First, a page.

Shenzhen to Host Art Fair, Storied Show Designer Dies, and More: Morning Links from June 10, 2021

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The Headlines

MORE BENIN BRONZES ARE GETTING REPATRIATED. The Metropolitan Museum of Art in New York said that it will return two 16th-century bronze plaques from Benin City to Nigeria, the New York Times reports. The pieces were once held by the British Museum, which transferred them to the National Museum in Lagos around 1950, according to  the Met. Though the Lagos institution did not deaccession the works, they at some point ended up on the market and eventually made their way to a collector who gave them to the Met. The decision came after research by the Met and the British Museum. (ARTnews has an explainer about the Benin Bronzes, which were looted by British troops in 1897.) Nigeria’s minister of minister of information and culture, Alhaji Lai Mohammed, said in a statement picked up by NPR that the country “enjoins other museums to take a cue from this. The art world can be a better place if every possessor of cultural artifacts considers the rights and feelings of the dispossessed.”

IN A REMARKABLE FEAT OF BOTH SCIENTIFIC DETECTIVE WORK and curatorial planning, the skeletons of two Viking-era men who were related, and who died far apart, in Denmark and England, will be brought together for a show at the National Museum of Denmark in Copenhagen, the Associated Press reports. They were either half brothers or nephew and uncle, according to a study of their DNA, and though they lived more than 1,000 years ago, they were unearthed within a few years of each other in the early 2000s.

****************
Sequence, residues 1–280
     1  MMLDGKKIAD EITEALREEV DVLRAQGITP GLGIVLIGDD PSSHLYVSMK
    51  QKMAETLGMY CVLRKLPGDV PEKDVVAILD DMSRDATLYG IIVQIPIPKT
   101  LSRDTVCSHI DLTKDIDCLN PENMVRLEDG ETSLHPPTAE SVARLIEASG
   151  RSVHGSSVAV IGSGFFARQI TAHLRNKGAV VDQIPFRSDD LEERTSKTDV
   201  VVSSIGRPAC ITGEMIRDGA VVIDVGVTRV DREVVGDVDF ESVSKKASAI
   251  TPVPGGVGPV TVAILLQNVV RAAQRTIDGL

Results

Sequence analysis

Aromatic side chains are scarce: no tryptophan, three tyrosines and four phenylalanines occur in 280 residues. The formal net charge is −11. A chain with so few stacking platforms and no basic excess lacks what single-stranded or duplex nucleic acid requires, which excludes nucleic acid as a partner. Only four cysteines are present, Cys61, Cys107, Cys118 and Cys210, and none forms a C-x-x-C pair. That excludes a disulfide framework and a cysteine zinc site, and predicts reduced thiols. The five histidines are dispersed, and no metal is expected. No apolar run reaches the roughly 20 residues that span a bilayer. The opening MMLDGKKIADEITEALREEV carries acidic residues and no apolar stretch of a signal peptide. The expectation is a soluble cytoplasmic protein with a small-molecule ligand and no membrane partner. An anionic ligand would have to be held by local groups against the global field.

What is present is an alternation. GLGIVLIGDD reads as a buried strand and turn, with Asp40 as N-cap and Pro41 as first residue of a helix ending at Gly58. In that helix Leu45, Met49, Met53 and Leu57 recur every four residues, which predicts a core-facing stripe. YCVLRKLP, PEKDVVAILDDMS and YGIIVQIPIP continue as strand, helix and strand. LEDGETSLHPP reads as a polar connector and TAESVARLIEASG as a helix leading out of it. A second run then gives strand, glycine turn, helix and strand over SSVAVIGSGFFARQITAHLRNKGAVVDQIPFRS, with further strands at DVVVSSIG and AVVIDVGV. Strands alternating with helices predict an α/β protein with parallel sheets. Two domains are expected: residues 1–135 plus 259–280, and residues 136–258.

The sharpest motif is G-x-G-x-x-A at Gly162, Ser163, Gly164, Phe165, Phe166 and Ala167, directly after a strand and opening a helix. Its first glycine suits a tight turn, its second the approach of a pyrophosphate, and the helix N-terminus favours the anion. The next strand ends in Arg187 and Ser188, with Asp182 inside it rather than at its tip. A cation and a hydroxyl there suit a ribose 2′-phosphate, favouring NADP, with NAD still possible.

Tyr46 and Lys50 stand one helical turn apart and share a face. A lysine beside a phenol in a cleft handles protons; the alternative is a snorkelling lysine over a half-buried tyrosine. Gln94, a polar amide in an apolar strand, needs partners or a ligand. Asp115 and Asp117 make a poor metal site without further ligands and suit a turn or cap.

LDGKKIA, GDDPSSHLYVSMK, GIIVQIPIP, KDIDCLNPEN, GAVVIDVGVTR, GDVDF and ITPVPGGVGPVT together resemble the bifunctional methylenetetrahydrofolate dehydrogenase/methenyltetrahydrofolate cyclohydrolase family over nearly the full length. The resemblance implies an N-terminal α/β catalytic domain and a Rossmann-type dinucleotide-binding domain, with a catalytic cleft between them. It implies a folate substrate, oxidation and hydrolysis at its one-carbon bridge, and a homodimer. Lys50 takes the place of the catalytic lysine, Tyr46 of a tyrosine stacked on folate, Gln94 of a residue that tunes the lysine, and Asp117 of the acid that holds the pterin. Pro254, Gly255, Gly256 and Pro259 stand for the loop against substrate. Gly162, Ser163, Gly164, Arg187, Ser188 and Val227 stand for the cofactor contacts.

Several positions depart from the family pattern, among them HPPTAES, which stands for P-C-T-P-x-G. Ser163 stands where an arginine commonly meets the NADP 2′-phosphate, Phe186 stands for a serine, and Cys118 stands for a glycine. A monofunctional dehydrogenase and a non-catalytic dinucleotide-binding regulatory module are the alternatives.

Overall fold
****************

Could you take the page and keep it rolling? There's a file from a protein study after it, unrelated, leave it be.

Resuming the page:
The Digest

Stuart Silver, who designed major exhibitions for the Met in the 1960s and ‘70s, including the famed “Treasures of Tutankhamun,” has died at the age of 84. [The New York Times]

Shenzhen, China, is getting a new art fair: Shenzhen DnA. (The acronym stands for design and art.) Debuting in September at the Shenzhen Museum of Contemporary Art and Urban Planning, it’s a project from the people behind Shanghai’s Art021 fair and Beijing’s JingArt, which is running right now. [The Art Newspaper]

The diamond market is red hot. “There are supply shortages at the moment,” one specialist said. “That’s creating a sense of scarcity at every stage of the pipeline.” [Bloomberg]

The Holy Quran Academy in Sharjah has acquired 17 rare Qurans. [ARTnews]

Architect Jean Nouvel chatted with journalist Shivani Vora about some of his recent projects, including the Louvre Abu Dhabi. “Looking at it, it’s hard to tell that you can get there by land,” he said. “It’s almost a metaphysical structure. [The New York Times]

The Strong National Museum of Play in Rochester, New York, is creating a National Archives of Game Show History, which will house materials from those television delights. It’s being established by the producers Howard Blumenthal (who developed Where in the World is Carmen Sandiego?) and Bob Boden (of Funny You Should Ask). [Associated Press]

The Kicker

GIVEN THAT ARTIST HITO STEYERL DIVES DEEP into digital worlds in her work, one cannot be surprised that she has found a unique way to teach her students at the University of the Arts in Berlin amid lockdowns. In an interview with critic Jason Farago in the New York Times, tied to her current show at the Centre Pompidou in Paris, she explains that she has been using Minecraft as an educational tool. “You can build fantasy worlds very quickly,” Steyerl said. “Last week my students staged a version of Brecht’s The Measures Taken in a huge Communist show-trial facility.” [The New York Times]

Thank you for reading. We’ll see you tomorrow.

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